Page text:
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Captain's call: Hooper's verdict on firing rookies and French threat

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6th July, 2021
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Wallabies captain Michael Hooper led a Captain’s Run with a difference today with a light workout at the team’s Sanctuary Cove base instead of the traditional session at the matchday stadium.

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The Wallabies kick off their winter commitments on Wednesday night at Suncorp Stadium Brisbane with the first of three Tests in 11 days against a weakened France team.

After the session, Hooper faced the rugby media where he gave big wraps to some of the relatively new faces in his team – including Brumbies flanker Rob Valetini.

Hooper recalled first taking notice of Valetini, who will make his starting debut, on the Wallabies 2018 spring tour during a training session in Japan where the 193cm, 113kg giant made quote an impression.

‘Consistently exceptional’
“I’m super impressed with Bobby,” Hooper said.

“He had this breakout training session back in 2018 when he came on the spring tour and we had a week to kill in Japan.
“He just came out in this one training session and dominated it.

“He put a few big shots on, had a couple of big carries against some other big bodies. He’s physically an impressive rugby player, the ideal build for a back-rower and it’s all ahead of him.

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“From there he had a couple of setbacks with injury and building into his body but he’s found the confidence that’s now really visible in his rugby.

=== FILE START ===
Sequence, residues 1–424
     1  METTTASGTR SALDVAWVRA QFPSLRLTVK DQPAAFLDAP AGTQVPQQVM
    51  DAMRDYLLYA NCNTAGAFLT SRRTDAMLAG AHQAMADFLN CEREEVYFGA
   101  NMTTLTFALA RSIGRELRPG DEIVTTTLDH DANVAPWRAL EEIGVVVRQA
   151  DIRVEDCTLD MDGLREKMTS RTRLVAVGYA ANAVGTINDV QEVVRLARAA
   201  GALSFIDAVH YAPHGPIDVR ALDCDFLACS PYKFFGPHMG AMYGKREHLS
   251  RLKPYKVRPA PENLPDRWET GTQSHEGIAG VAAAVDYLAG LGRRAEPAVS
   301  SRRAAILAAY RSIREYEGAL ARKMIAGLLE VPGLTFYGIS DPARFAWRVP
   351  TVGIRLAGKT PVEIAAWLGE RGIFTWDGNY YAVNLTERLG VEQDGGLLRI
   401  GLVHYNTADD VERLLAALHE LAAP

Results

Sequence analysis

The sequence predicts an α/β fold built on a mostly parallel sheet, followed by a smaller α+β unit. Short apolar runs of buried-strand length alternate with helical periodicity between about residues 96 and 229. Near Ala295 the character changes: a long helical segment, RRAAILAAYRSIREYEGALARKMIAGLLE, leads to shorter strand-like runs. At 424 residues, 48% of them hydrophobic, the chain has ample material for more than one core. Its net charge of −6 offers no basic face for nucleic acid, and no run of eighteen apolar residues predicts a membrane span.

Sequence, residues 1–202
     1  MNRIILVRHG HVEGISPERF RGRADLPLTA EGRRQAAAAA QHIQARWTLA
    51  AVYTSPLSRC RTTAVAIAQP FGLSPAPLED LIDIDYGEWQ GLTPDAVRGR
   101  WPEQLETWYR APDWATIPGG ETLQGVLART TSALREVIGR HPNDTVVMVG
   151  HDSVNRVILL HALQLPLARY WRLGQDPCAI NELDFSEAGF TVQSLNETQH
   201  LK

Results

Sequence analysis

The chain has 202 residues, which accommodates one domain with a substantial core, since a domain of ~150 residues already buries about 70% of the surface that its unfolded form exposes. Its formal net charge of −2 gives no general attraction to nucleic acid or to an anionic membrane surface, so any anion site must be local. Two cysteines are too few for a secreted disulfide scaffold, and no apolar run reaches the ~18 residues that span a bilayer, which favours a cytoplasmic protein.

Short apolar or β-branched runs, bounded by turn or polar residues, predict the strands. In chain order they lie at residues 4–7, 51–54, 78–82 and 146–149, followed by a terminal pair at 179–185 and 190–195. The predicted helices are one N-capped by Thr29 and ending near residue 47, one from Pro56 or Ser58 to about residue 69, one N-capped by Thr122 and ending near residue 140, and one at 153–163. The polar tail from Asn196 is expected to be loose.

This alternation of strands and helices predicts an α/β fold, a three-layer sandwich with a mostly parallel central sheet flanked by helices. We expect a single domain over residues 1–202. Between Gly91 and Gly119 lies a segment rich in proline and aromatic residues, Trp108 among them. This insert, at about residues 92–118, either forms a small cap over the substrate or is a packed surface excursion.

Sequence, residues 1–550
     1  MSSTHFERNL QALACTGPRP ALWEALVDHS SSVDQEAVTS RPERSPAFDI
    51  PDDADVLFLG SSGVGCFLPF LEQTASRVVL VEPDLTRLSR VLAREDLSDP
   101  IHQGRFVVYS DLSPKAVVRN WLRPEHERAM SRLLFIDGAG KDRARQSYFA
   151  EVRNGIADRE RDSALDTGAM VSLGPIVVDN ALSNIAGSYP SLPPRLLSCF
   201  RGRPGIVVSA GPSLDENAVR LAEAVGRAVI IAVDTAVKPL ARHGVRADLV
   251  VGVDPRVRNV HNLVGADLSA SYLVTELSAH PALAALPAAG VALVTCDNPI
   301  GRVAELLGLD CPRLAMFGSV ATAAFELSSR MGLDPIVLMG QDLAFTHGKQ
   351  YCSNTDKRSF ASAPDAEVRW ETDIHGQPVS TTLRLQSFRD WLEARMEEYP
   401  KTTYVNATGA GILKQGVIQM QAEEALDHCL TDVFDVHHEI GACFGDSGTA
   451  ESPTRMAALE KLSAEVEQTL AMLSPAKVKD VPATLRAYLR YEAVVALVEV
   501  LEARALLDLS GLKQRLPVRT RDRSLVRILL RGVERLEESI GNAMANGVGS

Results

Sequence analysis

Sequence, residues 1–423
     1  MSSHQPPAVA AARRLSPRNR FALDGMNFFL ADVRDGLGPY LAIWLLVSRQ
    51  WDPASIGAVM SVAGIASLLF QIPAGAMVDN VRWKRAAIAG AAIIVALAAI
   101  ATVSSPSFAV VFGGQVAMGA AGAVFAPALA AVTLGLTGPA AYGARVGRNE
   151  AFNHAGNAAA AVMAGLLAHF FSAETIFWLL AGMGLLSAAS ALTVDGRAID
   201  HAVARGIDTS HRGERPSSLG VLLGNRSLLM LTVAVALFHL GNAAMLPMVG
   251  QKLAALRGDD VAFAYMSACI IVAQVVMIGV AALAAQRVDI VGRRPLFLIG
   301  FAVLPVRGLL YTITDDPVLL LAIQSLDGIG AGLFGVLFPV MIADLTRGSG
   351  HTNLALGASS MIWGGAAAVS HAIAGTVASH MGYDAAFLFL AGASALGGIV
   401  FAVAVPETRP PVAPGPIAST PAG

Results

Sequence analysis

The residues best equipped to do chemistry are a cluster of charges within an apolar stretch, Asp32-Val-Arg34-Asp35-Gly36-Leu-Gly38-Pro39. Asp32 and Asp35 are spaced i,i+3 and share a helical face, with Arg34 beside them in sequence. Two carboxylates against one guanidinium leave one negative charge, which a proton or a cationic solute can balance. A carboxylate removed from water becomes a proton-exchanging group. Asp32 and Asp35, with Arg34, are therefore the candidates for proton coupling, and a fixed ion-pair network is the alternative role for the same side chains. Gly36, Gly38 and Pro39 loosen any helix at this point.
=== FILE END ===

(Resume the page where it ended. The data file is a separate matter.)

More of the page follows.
“He was consistently exceptional all year. Confidence is everything for a player and he’s got a lot of it at the moment.

“It’s up to him now to take that opportunity to go to another level at Test level and it’s exciting for us and for him.”

Hopper and Valetini will be joined in the back row by Harry Wilson, who said last week that he thought Hooper was more “relaxed” than in the past. It was a puboic suggestion that appeared to catch Hooper a little by surprise.

“I don’t know. That’s for other people to say. Maybe ‘Wilso’ is just giving me a bit more stick now. He’s a bit more confident and comfortable so he’s giving me a bit more.
“Last year was his first year in the environment so now he’s poking a bit. He stirs the pot. I’m glad he said that in the media.

“He’s been impressive along with Bobby, he’s another person throughout the Trans-Tasman series for in particular was playing some really unique football and has an impact on both sides of the ball. It’s a tight little back row combo.”

‘I’m an absolute midget’
Hooper will be playing for the first time in almost two months after a six-month ‘sabbatical’ at Toyota Verblitz in Japan. He was asked if his condition would see him last the contest.

“We’ll see – it’s hard to say before kick-off and how the game develops – whether it’s going to be a slow and attritional or really upbeat or up tempo – we’re prepared for both.
“Personally I haven’t had a game in a while but the lift in intensity here has certainly been noticeable. The size of some of these guys I forgot about a little bit.
“I’m an absolute midget in this pack. It’s good to be around these guys and tomorrow night is going to be a fun one I think.”

Antoine Dupont of France

(Photo By Brendan Moran/Sportsfile via Getty Images)

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‘They’ll come out firing’